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Tuesday, July 19, 2011

The Child Care and Development Block Grant: Background and Funding

Karen E. Lynch
Analyst in Social Policy

The Child Care and Development Block Grant (CCDBG) provides subsidies to assist low-income families in obtaining child care so that parents can work or participate in education or training activities. Discretionary funding for this program is authorized by the Child Care and Development Block Grant Act of 1990 (as amended), which is currently due for reauthorization. Mandatory funding for child care subsidies authorized in Section 418 of the Social Security Act (sometimes referred to as the “Child Care Entitlement to States”) is also due for reauthorization in the 112th Congress. In combination, these two funding streams are commonly referred to as the Child Care and Development Fund (CCDF). The CCDF is the primary source of federal funding dedicated solely to child care subsidies for low-income working and welfare families.

The CCDF is administered by the Office of Child Care at the U.S. Department of Health and Human Services (HHS), and provides block grants to states, according to a formula, which are used to subsidize the child care expenses of working families with children under age 13. In addition to providing funding for child care services, funds are also used for activities intended to improve the overall quality and supply of child care for families in general.

Discretionary child care funds are subject to the annual appropriations process. Congress passed eight continuing resolutions (CR) for FY2011. The final (full-year) FY2011 CR, P.L. 112-10, provided $2.223 billion in discretionary CCDBG funding, when taking into account an acrossthe- board rescission of 0.2%. The final FY2011 CR funding level is almost $96 million more than the amount of annual discretionary funding ($2.127 billion) provided to the CCDBG by the FY2010 Consolidated Appropriations Act (P.L. 111-117), but it is roughly $704 million less than the amount requested by the Obama Administration for FY2011 ($2.927 billion). Prior to the enactment of the full-year CR, the House had passed a bill (H.R. 1) on February 19, 2011, that would have provided $2.088 billion in discretionary CCDBG funding for FY2011, representing a decrease of $39 million from the FY2010 funding level and $839 million from the Obama Administration’s FY2011 request level. However, on March 9, 2011, the Senate voted to reject H.R. 1 and S.Amdt. 149 (to H.R. 1), which would have provided $2.437 billion in CCDBG funding for FY2011.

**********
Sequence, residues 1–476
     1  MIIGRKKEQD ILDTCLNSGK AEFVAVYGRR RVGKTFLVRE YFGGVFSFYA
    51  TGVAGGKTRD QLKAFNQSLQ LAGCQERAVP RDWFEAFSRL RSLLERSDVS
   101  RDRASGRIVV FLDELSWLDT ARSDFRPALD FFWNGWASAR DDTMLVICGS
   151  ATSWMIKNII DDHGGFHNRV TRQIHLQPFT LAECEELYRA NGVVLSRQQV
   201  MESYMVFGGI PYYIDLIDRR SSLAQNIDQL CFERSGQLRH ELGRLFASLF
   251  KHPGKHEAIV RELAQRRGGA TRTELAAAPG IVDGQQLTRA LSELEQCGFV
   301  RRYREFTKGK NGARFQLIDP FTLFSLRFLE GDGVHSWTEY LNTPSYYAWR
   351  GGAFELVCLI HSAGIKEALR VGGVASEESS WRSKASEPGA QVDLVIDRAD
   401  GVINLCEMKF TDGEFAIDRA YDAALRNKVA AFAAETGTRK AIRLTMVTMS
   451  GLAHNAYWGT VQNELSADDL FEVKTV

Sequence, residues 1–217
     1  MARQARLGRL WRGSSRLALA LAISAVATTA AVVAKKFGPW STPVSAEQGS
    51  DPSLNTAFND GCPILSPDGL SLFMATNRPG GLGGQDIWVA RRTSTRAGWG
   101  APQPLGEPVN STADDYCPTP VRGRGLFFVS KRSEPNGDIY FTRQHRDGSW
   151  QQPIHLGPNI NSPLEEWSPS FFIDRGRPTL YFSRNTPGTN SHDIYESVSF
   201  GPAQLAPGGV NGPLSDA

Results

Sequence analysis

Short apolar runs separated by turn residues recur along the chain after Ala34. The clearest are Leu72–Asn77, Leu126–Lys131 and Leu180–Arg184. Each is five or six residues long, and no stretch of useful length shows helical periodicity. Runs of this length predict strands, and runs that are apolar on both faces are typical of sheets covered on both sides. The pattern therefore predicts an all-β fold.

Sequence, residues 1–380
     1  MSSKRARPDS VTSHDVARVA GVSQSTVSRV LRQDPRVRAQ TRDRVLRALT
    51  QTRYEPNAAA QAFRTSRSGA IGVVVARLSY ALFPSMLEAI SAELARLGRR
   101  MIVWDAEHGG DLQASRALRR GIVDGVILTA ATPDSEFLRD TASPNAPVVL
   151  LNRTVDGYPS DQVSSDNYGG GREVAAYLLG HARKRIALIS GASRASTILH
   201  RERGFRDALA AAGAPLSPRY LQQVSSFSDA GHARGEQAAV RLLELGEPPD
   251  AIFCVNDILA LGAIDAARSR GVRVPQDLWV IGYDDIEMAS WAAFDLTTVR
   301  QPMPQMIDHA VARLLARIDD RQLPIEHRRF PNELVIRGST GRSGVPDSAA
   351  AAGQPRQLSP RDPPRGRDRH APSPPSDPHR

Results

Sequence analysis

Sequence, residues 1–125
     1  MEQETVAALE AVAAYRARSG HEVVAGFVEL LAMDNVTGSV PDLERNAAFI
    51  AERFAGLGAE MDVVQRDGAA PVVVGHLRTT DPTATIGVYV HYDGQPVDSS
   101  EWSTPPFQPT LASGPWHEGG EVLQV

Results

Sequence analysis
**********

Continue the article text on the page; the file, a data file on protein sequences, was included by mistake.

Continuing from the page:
Mandatory child care funding was directly appropriated (or pre-appropriated) for fiscal years 1997 through 2002 by the 1996 welfare reform law (P.L. 104-193), which enacted the mandatory component of the CCDF. Temporary extensions provided mandatory CCDF funding into FY2006. On February 8, 2006, a budget reconciliation bill was enacted into law (P.L. 109-171), increasing mandatory child care funding by $1 billion over five years (for a total of $2.917 billion for each of FY2006-FY2010). The Claims Resolution Act of 2010 (P.L. 111-291) provided a one-year extension of mandatory child care funds at the FY2010 level of $2.917 billion. Without legislative action, the authorization and funding for mandatory child care will expire at the end of FY2011.

The Obama Administration’s FY2012 Budget was released on February 14, 2011. The Budget requested $2.927 billion in discretionary funds (+$704 million from FY2011 enacted) and $3.417 billion in mandatory funds (+$500 million from FY2011 enacted). The Budget also called for both the mandatory and discretionary child care funding streams to be reauthorized in FY2012.

Date of Report: July 14, 2011
Number of Pages: 34
Order Number: RL30785
Price: $29.95

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